Surrealpolitik: The Journal of Aesthetics and Art Criticism

Author: Willard Bohn

New York: Wiley (1977)

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Article title: From Surrealism to Surrealism: Apollinaire and Breton


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Apollinaire managed never to define surrealism precisely, preferring to describe it in abstract terms of via a tautological system of synonyms. Fortunately, it is possible to give an exact definition. Based on empirical evidence, in addition to his own testimony, Apollinaire's surrealism consists of two components: 1) surprise and 2) analogical parallels to reality. These in turn correspond to the traditional opposition between form and content. In its simplest form, surrealism may be defined as one or more surprising analogies based on reality. Typically, these are assigned an important structural role in the work in which they appear. (page 201)
Tags: [Surrealism]
[T]o the extent that it consists of a meaning or meanings concealed behind a veil of apparent absurdity which is subsequently torn away to reveal a surprising validity, [Apollinaire's] surrealism may be defined as the structural use of paradox. (page 202)
Tags: [Surrealism]
The primary function of [Breton's] Surrealism is clearly to liberate the Freudian unconscious, to tap its powerful forces via automatic writing, automatic speech, and the analysis of dreams. The superior reality (or surreality) that these forms of association embody is that of the unconscious itself, the exploration of which will expand our total consciousness. (page 205)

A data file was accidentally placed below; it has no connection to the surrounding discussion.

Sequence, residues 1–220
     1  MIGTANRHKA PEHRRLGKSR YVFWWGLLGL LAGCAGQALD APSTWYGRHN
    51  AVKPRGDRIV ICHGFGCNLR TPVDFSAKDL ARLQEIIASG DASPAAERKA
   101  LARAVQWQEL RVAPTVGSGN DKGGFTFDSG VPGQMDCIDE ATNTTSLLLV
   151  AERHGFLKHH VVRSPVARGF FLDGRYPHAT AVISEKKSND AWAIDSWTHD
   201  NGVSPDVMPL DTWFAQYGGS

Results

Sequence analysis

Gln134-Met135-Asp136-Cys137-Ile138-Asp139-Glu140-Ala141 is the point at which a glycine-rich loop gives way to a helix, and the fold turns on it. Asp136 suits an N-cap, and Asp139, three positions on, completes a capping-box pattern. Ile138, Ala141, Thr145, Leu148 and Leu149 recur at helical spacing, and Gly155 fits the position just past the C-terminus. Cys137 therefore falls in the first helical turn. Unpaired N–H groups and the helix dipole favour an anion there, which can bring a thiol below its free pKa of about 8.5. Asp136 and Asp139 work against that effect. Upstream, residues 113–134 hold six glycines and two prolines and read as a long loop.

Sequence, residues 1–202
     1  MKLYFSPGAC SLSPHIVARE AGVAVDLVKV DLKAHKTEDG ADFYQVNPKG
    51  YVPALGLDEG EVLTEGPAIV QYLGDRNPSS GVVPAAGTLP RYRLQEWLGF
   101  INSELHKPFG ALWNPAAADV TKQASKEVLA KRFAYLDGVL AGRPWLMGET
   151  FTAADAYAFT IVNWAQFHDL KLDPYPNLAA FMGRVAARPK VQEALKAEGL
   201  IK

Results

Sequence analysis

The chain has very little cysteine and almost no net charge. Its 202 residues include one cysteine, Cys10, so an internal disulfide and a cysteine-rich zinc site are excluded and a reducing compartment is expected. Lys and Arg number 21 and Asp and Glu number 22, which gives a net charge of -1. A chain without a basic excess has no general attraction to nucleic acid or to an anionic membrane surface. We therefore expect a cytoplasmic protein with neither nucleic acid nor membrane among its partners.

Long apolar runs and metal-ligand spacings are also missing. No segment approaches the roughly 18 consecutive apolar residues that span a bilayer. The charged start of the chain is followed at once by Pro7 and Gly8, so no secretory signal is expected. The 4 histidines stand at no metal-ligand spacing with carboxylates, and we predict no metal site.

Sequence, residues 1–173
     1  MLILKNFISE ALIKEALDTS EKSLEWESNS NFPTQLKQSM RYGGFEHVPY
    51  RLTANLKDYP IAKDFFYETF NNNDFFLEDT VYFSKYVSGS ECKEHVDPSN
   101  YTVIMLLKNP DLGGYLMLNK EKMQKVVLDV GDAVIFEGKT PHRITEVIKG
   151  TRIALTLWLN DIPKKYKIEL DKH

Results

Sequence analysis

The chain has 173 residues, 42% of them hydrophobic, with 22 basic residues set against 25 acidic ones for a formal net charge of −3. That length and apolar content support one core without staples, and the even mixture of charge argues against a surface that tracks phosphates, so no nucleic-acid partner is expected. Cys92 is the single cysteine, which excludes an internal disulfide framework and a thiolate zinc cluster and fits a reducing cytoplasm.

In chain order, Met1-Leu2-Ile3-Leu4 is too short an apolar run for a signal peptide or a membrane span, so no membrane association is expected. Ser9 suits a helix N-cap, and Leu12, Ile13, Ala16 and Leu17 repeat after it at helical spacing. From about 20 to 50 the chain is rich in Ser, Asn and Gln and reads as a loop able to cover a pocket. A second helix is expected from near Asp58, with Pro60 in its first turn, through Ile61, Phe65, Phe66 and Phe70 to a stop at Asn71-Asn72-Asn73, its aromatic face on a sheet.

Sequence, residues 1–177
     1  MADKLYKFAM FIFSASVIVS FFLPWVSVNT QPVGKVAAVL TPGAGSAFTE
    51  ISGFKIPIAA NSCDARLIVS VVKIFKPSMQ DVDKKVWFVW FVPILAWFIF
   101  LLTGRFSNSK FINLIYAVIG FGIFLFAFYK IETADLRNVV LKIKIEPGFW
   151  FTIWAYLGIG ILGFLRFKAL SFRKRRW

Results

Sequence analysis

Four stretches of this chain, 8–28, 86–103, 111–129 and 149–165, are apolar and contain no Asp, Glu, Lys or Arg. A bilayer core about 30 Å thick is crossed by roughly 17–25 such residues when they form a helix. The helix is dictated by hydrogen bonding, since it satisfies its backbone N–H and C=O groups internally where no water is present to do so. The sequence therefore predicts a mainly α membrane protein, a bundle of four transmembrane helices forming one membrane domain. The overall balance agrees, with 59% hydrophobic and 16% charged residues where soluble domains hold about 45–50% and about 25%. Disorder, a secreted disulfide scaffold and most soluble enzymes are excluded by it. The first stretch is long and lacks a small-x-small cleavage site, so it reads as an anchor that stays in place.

Tags: [Surrealism]
In point of fact, surrealism has a totally different meaning for Breton than for Apollinaire. Moreover, the semantics of the term itself change drastically as it passes rom one to the other. For Apollinaire, the prefix sur functions as an intensifier, increasing the intrinsic value of the reality it modifies. When he originally created the word surréalisme, Apollinaire clearly modeled it on the linguistic class represented by surhomme (superman). For Breton, on the other hand, sur serves as an extender, increasing the extrinsic area to which the concept of reality applies. It functions in exactly the same manner as the prefix in the class of words represented by surnaturel (supernatural).

The difference between the two surrealisms, then, is essentially that between super and supra. Surrealism has the meaning of "hyper-realism" for Apollinaire and "transrealism" (or "meta-realism") for Breton. In the first instance, as noted, there is a concern with analogical parallels to reality, with what one critic in 1920 aptly termed a "surprising 'self-contained reality.'" In the second, this gives way to transcendental preoccupations, relying on esoteric concepts such as psychic automatism and objective chance. The former version of surrealism is essentially psychological in orientation and theatrical in presentation. The latter version has a basically ontological focus and assumes a predominantly poetic form. Whereas Apollinaire speaks of artistically creating a"a new realism" (L'Esprit nouveau, p. 390) or "a superior naturalism" ("surnaturalisme") in literature, Breton announces his belief in an already existing "superior reality" (Manifeste, p. 37) in life itself. (page 205)
Tags: [Surrealism]